Nganjuk Off The Beaten Path Tips by theo1006
Nganjuk Off The Beaten Path: 2 reviews and 10 photos
The tree growing on candi Lor
Compared to candi Ngetos, Lor temple or candi Lor is not much more than a pile of bricks. But then it is twice as old, dated at 934 AD. The year is also considered as the foundation year of Nganjuk town.
Candi Lor was built on the order of king Mpu Sendok, to commemorate his victory in a war with the Malay people of Jambi. It was constructed of big red bricks, much bigger than they make them nowadays. In the grounds are the graves of two of the king's servants, Eyang Kerto and Eyang Kerti, as well as headless statues of Ganesha and Siwa Mahadewa.
Most impressive is the tree growing on the remains of the temple. The tree is said to be 500 years old.
Directions: Candi Lor is located in Loceret village, quite close to Nganjuk town. Take the main road from Nganjuk to Kediri, after 3 km turn west only 200 m. Most likely you will find the grounds locked. The caretaker (juru kunci) lives 200 m in the kampung on the other side of the road. His name is Sukohandoyo. An enterprising young boy volunteered to point out his house to us.
The one remaining face over the porch
It is virtually impossible to visit all Java’s pre-Islamic temples. The countryside of Central and East Java is littered with them. But we make it a point to seek one out when we happen to be in the neighbourhood.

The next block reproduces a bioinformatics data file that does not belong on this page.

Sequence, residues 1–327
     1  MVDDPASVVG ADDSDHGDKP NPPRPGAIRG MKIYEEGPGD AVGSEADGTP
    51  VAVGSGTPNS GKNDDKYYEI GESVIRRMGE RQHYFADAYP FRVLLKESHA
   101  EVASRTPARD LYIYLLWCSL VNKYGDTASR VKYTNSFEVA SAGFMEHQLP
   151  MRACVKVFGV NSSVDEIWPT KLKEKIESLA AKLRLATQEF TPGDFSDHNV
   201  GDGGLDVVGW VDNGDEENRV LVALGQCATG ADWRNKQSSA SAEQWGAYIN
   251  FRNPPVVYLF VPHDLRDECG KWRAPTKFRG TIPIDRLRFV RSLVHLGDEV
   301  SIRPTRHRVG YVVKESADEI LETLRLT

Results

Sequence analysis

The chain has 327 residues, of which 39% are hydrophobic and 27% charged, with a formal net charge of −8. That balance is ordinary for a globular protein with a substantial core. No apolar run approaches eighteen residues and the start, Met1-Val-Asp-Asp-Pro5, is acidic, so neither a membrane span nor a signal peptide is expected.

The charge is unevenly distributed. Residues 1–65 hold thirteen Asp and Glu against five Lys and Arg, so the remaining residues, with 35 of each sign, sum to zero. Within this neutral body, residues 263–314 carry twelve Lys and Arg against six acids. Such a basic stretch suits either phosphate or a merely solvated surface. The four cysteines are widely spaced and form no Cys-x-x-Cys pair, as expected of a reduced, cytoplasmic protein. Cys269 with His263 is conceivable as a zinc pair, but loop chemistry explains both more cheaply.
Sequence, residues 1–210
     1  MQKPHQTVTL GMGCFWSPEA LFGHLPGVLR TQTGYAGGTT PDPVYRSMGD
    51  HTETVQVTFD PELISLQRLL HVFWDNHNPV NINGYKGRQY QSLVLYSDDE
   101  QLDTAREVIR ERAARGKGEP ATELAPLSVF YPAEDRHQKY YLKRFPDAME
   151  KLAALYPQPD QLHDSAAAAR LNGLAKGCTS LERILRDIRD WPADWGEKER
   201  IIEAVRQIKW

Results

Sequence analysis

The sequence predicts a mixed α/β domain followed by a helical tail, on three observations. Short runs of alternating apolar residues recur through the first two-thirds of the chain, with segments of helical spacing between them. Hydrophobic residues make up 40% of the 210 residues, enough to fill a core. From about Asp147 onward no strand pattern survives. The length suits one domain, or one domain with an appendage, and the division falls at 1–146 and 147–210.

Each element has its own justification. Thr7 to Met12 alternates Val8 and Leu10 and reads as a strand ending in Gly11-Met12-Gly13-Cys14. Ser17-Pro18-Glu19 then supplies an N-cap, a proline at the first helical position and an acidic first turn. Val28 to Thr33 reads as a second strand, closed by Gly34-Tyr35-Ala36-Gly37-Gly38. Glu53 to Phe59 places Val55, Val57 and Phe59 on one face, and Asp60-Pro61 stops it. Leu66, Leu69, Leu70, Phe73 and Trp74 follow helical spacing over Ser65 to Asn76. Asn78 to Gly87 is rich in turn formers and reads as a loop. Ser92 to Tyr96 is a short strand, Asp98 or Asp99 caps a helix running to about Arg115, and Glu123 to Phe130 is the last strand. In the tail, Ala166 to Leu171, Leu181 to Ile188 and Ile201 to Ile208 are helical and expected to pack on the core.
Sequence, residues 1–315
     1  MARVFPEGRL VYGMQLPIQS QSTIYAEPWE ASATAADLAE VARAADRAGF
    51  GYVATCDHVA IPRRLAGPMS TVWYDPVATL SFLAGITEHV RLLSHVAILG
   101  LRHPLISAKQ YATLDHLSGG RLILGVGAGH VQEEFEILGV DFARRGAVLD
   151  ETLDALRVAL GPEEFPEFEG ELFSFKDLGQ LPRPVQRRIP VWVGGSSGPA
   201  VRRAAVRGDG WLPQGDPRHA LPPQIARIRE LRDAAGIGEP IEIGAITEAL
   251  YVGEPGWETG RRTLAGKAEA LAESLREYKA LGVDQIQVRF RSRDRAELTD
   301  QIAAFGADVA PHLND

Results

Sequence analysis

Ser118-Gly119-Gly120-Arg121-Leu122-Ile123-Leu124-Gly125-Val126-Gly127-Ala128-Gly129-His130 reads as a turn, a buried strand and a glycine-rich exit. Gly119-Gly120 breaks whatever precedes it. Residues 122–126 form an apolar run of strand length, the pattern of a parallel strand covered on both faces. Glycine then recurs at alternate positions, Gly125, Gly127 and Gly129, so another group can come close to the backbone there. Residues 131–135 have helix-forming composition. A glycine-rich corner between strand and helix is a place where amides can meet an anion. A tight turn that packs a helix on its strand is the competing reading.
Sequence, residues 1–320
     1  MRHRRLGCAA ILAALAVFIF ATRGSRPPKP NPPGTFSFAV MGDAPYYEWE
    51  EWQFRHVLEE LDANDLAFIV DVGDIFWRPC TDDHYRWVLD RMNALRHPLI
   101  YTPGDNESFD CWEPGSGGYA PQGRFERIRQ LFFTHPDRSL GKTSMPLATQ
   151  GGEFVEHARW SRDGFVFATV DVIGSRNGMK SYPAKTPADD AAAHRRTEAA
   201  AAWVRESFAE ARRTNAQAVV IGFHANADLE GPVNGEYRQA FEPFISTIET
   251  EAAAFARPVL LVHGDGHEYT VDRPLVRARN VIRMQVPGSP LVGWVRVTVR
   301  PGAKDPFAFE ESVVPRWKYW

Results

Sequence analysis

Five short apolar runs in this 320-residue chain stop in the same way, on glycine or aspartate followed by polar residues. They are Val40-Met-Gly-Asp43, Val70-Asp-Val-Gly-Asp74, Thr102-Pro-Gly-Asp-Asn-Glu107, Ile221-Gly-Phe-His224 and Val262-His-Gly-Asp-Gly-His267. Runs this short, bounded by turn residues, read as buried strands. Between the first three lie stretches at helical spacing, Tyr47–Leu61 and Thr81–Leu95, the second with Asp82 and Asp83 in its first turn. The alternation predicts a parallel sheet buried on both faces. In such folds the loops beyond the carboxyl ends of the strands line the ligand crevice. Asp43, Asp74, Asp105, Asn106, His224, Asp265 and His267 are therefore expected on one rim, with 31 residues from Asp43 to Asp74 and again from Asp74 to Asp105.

Candi Ngetos is located in Ngetos village, 17 km south of the town of Nganjuk. It is said to have been erected on the order of king Hayam Wuruk of Majapahit, in order to be his grave monument after his demise. That dates the temple in the 15th century AD. Likely Hayam Wuruk wanted to be buried facing Gunung Wilis, which mountain was seen as an abode of the gods. However, it is not certain that Hayam Wuruk’s remains actually lie here. The local people believe that once there was a twin of Ngetos temple called Tajum temple, which might equally well have been his grave.
The temple was constructed of big red bricks, and once had a face in relief on each side over the porch. Only one of these remains, and perhaps some restauration work has been done on it. Concrete lintels have been put above the porches to prevent them caving in.
Directions: Candi Ngetos is easily visited as a side-trip when going to the popular Sedudo waterfall. From Nganjuk take the road to Swahan and Sedudo waterfall. After some 14 km you reach a bridge on your left. The road to Sawahan keeps to the right bypassing the bridge. For Candi Ngetos cross the bridge and once past it turn left again to Ngetos village.
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